‘No condemnation’ is about forgiveness. About how wide and long and high and deep is the love of Christ’s love for me. About how forgiving is the Father towards me and those who belong to Him. Consider Jesus’ exchange with Peter in Matthew 18. “How many times should I forgive someone? A (generous) seven times?” to which Jesus countered, “Not seven but seventy times seven times!” meaning every time someone asked for forgiveness, give it. Now where did Jesus come up with such a standard? —From his Father. Jesus could not have upped the ante so high if God did not practice it Himself.

We know God does practice this because we see it in Jesus while he lived as God among us. Since Jesus told us that when we see him, we see the Father, I began to get an inkling of how deep this God’s ‘no condemnation’ ran.

And it ran deeper than I thought.

More to come…

-Steve Smith


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What are ya thinkin ?

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Now if we have died with Christ, we believe that we will also live with him. We know that Christ, being raised from the dead, will never die again; death no longer has dominion over him. For the death he died he died to sin, once for all, but the life he lives he lives to God. So you also must consider yourselves dead to sin and alive to God in Christ Jesus. Romans 6:8-11

What our minds focus on matters in our faith journey. When God drew us to Jesus, our minds were not healthy places. Like all people who have been affected by the Fall, we all accumulated a pack of lies that we called ‘truth.’ Some of these lies came from our futile beliefs that we could reign over our own lives better than the Father who created us. Some of them came from the enemy, who continually misrepresents God to us. Our whole belief system had to be shattered by God—just to bring us to faith.

Yet lies die a long death. All of us still harbor thoughts that need to be transformed by the renewing of our minds. And one of those lies is about our freedom from sin. Satan would have us continue to believe we are merely forgiven—which is good news in itself—but still doomed to live out a miserable life, sinning as regularly as those who do not believe. I have met believers who obsess over this. They are overwhelmed with this lie. They talk desperately about wanting to stop sinning, about how much they are either disappointing God or how expectant of His judgment they are.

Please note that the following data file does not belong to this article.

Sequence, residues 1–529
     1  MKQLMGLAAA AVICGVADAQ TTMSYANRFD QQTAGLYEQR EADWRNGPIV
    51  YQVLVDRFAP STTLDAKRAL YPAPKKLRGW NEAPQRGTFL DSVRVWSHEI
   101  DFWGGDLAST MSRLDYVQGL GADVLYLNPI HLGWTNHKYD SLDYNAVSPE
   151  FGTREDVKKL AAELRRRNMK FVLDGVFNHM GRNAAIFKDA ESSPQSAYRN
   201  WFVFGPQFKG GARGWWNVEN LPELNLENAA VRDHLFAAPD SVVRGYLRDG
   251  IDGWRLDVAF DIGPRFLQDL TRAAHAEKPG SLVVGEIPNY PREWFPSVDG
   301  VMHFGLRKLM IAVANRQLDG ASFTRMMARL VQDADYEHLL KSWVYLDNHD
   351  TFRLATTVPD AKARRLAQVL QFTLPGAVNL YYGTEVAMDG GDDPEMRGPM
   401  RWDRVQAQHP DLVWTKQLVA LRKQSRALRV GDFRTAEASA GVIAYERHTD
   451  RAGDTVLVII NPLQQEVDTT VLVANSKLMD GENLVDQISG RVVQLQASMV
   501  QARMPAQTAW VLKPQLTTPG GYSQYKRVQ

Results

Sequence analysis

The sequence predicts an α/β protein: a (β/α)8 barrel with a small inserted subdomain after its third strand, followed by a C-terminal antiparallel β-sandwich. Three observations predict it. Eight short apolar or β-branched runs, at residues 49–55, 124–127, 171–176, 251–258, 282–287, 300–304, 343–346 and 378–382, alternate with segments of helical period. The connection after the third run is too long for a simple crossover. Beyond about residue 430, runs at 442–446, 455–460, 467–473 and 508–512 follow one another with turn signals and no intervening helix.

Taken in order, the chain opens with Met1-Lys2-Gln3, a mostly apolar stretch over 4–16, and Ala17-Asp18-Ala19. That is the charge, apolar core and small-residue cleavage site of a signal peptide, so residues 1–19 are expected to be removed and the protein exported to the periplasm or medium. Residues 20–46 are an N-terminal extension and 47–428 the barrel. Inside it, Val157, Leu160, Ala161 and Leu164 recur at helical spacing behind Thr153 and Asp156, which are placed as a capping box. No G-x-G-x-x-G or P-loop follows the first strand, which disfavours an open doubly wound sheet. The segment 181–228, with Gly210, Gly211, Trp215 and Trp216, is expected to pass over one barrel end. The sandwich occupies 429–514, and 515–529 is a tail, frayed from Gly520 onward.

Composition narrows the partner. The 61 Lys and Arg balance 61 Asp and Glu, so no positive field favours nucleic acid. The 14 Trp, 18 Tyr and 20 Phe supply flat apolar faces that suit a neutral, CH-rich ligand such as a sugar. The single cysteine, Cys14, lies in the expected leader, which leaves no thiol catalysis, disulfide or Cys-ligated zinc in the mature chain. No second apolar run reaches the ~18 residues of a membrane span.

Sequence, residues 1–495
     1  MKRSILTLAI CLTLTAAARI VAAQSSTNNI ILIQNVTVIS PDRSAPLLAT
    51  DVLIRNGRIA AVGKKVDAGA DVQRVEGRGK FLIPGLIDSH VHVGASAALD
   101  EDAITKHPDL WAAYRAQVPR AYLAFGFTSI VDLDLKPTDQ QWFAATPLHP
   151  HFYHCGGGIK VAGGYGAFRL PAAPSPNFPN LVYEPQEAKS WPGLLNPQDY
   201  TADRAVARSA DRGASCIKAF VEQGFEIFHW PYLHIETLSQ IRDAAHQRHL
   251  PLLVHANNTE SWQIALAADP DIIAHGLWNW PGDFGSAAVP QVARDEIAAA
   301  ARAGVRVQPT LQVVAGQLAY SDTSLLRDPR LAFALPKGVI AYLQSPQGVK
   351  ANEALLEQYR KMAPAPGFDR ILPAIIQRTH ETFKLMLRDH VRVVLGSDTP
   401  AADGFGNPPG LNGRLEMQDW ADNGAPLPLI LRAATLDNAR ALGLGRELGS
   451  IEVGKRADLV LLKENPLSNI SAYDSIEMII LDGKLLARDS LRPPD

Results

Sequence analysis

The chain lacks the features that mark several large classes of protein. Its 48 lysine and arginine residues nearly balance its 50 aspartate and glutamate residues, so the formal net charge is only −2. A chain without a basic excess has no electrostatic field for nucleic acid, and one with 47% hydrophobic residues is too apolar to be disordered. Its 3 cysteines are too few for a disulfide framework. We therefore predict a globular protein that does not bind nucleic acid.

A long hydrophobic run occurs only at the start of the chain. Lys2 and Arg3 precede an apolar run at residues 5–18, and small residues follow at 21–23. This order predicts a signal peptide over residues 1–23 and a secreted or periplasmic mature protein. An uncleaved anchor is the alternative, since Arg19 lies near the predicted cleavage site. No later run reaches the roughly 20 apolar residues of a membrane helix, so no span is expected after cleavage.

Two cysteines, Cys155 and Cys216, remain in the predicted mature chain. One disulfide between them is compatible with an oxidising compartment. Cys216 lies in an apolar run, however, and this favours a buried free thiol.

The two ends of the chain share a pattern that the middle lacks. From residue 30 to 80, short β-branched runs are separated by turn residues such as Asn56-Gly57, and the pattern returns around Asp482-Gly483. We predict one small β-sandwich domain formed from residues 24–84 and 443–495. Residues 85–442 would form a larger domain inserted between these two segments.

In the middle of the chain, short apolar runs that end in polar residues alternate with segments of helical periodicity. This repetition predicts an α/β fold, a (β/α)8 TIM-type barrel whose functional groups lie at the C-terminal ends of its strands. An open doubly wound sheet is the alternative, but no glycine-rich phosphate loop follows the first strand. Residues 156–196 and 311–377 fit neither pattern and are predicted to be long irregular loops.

But there is no disappointment. There is no judgment. Paul earlier in Romans tells us that because we are in Christ, we have not only died with Christ, we get to live with him as well. He not only lives in us—we also get to live his life. —The life of the person who was tempted in every way we are, yet never gave in to sin (Hebrews 4:15). —Our example, in whose steps we should follow (1 Peter 2:21).

Going forward, we need to ‘reckon’ ourselves dead to sin and alive to God. I grew up with the word ‘reckon,’ which in this version is translated ‘consider.’ But the older word, used in earlier translations, makes a better point. ‘Reckon’ was used in the financial world, where you reckoned up the books. In other words, you gave an account of what you had received. So when Paul says ‘reckon yourselves dead to sin and alive to God in Christ Jesus,” he speaks of what is real, true. You have received this from God by faith. You can count on it to be true for you, no matter how convincing the lie of the enemy seems.

Paul builds on this truth. In verse 12, he urges us to refuse to let sin control our choices. You might be wondering how this works. This is possible because the Spirit is leading us. He empowers our minds to realize that we do not need to sin.

Instead, we are to ‘offer’, which is another word for surrender, every part of ourselves to God. I know this sounds to some as a simplistic solution for resisting sin, but I find that it is the only thing that works for me. I tried resisting sin and it beat me every time. I would find myself crushed by my lack of control and embarrassed that others would find out. But then I finally humbled myself and started surrendering whenever temptation was putting pressure on me. I would say “God, I can’t beat this. Help! Take charge!” I have to admit some of my prayers were very weak. But I leaned into Him and God rescued me every time.

This is what reckoning yourself dead to sin is all about. You have received grace from God into your account’s plus column. Sin has been removed as your master. It no longer has power over you. If you believe it still does, you are believing a lie. Begin to think this way and you will live out the freedom you already have. Don’t make it complex. It’s all a matter of trust which focuses on God and not on yourself.